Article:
[PD-dev] BUG: namespace prefixes broken in 0.40

Mathieu Bouchard matju at artengine.ca
Thu Nov 2 01:30:31 CET 2006

On Wed, 1 Nov 2006, Hans-Christoph Steiner wrote:

>>  [declare -import (foo bar)] <- GF-style nested lists
>>  [declare -import foo bar] <- use dash-prefixed symbols as delimiters
>>  [declare, import foo bar] <- use comma as delimiter
> One very important aspect of Pd is its very minimal syntax.

It depends on which part of Pd you're looking at. Let's say that you're 
looking at everything that confirms your point; then you're not looking at 
datastructures. For example:

   [plot -y amp(0:100)(0:100) a 500 2 5 30]

I advocate use of consistent syntax all over pd. Consistency is more 
important than minimality. If pd's syntax is too minimal, it encourages 
small syntax hacks that aren't portable to the rest of the pd system, such 
as -y amp(0:100)(0:100).

> I think its quite important to preserve that.

Pd's syntax doesn't so much deserve to be called "simple" ... "simplistic" 
is more like it. Any non-recursive grammar is bound to get to a dead-end 
in which small syntax hacks proliferate.

> but I don't really like any of the above options.  Pd is not Ruby, Tcl, 
> C, UNIX, etc. and it shouldn't follow those conventions without really 
> good reasons to break the current syntax.

This is called "Not Invented Here", the concept that one system should not 
borrow conventions from another system. It's an important concept that has 
been used for designing many systems, and ironically, one that many 
systems designers have borrowed from each other. 

It's not possible to break the current syntax because there's no current 

> Adding commas and () in object boxes is totally unprecedented

GridFlow is a precedent for both initbang commas and nested lists, but it 
doesn't count because it was not designed by Miller. There is also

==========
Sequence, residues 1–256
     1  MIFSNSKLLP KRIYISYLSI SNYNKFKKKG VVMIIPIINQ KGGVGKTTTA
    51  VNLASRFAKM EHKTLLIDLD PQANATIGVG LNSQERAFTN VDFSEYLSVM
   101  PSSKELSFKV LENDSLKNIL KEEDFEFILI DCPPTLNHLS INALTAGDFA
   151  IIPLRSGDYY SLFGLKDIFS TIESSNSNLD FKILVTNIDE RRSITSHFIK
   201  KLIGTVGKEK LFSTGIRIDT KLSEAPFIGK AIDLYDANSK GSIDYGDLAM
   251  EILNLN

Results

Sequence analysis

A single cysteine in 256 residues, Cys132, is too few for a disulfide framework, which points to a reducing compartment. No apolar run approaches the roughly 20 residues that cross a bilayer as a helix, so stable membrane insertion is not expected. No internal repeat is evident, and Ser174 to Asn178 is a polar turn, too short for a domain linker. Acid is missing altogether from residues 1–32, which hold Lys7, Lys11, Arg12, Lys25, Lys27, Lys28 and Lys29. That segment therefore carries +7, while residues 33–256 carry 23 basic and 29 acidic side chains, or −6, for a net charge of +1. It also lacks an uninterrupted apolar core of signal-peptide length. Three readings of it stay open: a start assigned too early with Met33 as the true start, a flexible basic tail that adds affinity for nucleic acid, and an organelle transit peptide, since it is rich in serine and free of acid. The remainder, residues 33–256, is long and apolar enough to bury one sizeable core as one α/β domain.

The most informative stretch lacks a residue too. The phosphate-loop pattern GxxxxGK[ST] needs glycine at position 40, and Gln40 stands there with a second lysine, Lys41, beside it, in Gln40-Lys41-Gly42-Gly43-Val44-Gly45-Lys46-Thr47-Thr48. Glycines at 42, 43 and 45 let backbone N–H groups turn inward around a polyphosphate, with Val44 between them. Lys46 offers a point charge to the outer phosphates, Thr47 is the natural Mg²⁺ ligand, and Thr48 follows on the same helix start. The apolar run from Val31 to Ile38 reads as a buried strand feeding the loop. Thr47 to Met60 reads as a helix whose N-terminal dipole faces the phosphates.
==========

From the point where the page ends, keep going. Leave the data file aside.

precedent for @ keywords in the work of Thomas Grill and also of Joshua K 
Clayton but it doesn't count because it was not designed by Miller. There 
is also precedent for - keywords in the work of Krzysztof Czaja but it 
doesn't count because it was not designed by Miller.

> and I can't see any benefit.

because it's not designed by Miller and because you're not thinking about 
any of the other object classes that could benefit from those syntax 
extensions. Even though [plot] would have needed it, [plot] introduces its 
own precedent which is sufficient justification by itself, because it was 
designed by Miller.

> I definitely agree we should have a standard way of doing this kind of 
> thing,

By reading you, I doubt that you mean that we should have a standard way 
of doing keyword arguments. Is it that you are only thinking about 
namespaces and nothing else? I'm not only thinking about namespaces. 
You're replying to a mail where more than just namespaces are considered.

> Perhaps this extended syntax is useful in other situations, but I think 
> this situation could easily be taken care of using only current syntax:

Right, we don't absolutely need keyword arguments, nested lists and 
initbang messages in objectboxes. I'm only talking about those things 
because a syntax similar to keyword arguments has been proposed and 
because I've seen similar patterns occur in the pd world, but I don't mean 
the pd world that has just Miller in it, I mean all externals, and not 
just the subset of pd-extended that agrees with Miller's practice (minus 

> I think it could make more sense to have the global settings controlled by 
> messages.

> [;pd import foo bar( [;pd path foo bar(

[import foo bar(
[s $0-canvas]

[namecanvas $0-canvas]

  _ _ __ ___ _____ ________ _____________ _____________________ ...
| Mathieu Bouchard - tél:+1.514.383.3801 - http://artengine.ca/matju
| Freelance Digital Arts Engineer, Montréal QC Canada

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